Travel Air D-4-D (oz3296)
About this Plan
Travel Air D4D. Radio control scale model two seater biplane. Scale is 1/6, with a wingspan of 61 in, for .60 - .90 power.
Quote: "Here is Bill Seidler's Travel Air D4D from Model Builder magazine issue 11-78. This is one beautiful bipe! Total combined file size is a bit large but I had to include the color cover shot."
Direct submission to Outerzone.
Update 28/03/2020: Added article, thanks to rocketpilot.
Quote: "By BILL SEIDLER. One of the sexiest looking biplanes out of the Golden Era, and a natural for modeling. The author is quite familiar with the design - he restores the full-size machines!
Travel Air is a name that means an instant trip back into the past, into a network of wires and cabanes, a wide front cockpit and pilot behind. It was quite conventional, and it met the requirements of the goggled, helmeted pilots of the day who thought fliers had to sit in the open air. The Travel Air Manufacturing Company, of Wichita, Kansas, was incorporated early in 1925, with Walter Beech, Clyde Cessna, and Lloyd Stearman as the principal directors. (Those names may be familiar to you!)
The Travel Air series of biplanes established Wichita as the first main center of aviation in the United States. They were used for mailplanes, dusters, and the like. In the movies, as Fokker D-VII’s, they were called 'Wichita Fokkers'. Travel Airs played both sides in war films in the 20s and 30’s; they were in Hell’s Angels and Dawn Patrol. They were very popular with the early Hollywood set. Both Wallace Beery, aviator/actor, and Robert Montgomery, anotherMGM actor of great fame, had Travel Air 4D's. It was a very strong and sleek airplane, perhaps one of the main reasons they were so popular. Wiley Post had his first job as an executive pilot for FC Hall, the Oklahoma oilman, in a 1928 Travel Air 4000. I haven’t adequate words to describe their airplanes and the lasting effect on the pilots who have flown them.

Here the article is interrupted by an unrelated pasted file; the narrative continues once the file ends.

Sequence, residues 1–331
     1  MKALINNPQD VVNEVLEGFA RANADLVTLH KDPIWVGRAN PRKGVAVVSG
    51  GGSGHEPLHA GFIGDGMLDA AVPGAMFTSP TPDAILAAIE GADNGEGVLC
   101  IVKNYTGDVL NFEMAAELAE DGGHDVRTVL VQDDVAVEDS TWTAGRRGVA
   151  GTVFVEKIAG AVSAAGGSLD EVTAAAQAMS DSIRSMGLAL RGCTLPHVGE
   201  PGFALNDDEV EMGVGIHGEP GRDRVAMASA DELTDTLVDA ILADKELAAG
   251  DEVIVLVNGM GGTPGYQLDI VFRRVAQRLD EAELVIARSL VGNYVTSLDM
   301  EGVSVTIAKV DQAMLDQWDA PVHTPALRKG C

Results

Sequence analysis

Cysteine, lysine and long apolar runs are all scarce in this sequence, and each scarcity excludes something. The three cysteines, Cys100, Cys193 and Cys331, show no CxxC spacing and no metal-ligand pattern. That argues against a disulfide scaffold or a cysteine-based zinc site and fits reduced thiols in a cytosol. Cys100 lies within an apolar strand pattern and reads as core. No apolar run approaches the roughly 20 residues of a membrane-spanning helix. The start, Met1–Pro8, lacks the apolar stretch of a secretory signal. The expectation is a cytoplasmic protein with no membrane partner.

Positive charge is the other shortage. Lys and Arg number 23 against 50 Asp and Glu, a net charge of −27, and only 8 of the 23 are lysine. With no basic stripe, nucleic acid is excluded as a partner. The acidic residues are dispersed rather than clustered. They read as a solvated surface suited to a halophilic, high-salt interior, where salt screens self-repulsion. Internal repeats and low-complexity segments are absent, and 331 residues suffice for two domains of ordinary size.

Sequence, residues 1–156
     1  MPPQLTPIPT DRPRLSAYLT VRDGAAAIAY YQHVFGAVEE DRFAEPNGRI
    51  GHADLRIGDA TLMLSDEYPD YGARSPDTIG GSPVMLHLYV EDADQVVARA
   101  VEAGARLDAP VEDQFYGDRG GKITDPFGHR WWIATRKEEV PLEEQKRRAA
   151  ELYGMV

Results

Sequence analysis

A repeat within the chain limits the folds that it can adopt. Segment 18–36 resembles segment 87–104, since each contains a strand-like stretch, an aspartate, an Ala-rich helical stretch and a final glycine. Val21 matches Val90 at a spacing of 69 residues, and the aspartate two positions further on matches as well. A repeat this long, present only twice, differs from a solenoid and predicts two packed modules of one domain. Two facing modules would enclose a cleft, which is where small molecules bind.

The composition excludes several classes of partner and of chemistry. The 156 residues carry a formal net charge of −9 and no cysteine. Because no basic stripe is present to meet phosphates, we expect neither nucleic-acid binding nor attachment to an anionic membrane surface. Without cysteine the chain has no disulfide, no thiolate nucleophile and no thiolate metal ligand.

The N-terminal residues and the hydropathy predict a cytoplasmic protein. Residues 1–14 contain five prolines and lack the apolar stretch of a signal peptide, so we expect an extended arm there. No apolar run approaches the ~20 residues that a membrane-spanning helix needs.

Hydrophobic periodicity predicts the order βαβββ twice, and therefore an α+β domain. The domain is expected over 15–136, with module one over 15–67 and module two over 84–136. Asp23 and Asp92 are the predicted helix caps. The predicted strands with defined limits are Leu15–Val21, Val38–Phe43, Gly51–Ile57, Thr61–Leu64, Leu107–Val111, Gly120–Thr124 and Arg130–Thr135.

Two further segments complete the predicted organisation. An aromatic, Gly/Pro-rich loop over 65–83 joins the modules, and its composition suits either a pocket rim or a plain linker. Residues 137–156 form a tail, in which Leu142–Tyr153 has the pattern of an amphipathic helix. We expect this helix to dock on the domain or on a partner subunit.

I received my license back in 1937 in a Travel Air B4000, NC174V, with a 220 hp J5. It belonged to my high school teacher, Mr Matty Mack, of Haaron High School, in New York. When I saw pictures of Wendell Reid’s Travel Air D4D, in an old Air Progress (October 1969), the need for me to build a model of it was overwhelming. The easy part of it was data and blueprints, which I have used for the restoration of full-size Travel Airs. All I had to do was scale it down to 2 in =1 ft. Here is some information on Travel Airs that should help a scale builder.
The Travel Air biplane was designed in 1924 by Mr Lloyd Stearman, and he did such an excellent job of designing that, throughout its life, the basic dimensions of the fuselage were never changed. An outrigger gear was added later to the B4000, BM4000and D4000. Standard and Speedwing versions, both with Frieze ailerons, and a larger steel tail section for the outrigger gear models, were manufactured. All of these wings and tail sections were interchangeable with all fuselages. The Standard wings, with balanced ailerons ('elephant ears'), installed on the fuselage, have an upper wing span of 34 ft 8 in, a lower wing span of 28 ft 10 in, an upper wing chord of 66 in, and a lower wing chord of 56 in. Wings, including ailerons, have 296 sq ft of area. The ailerons alone have an area of 27.5 sq ft.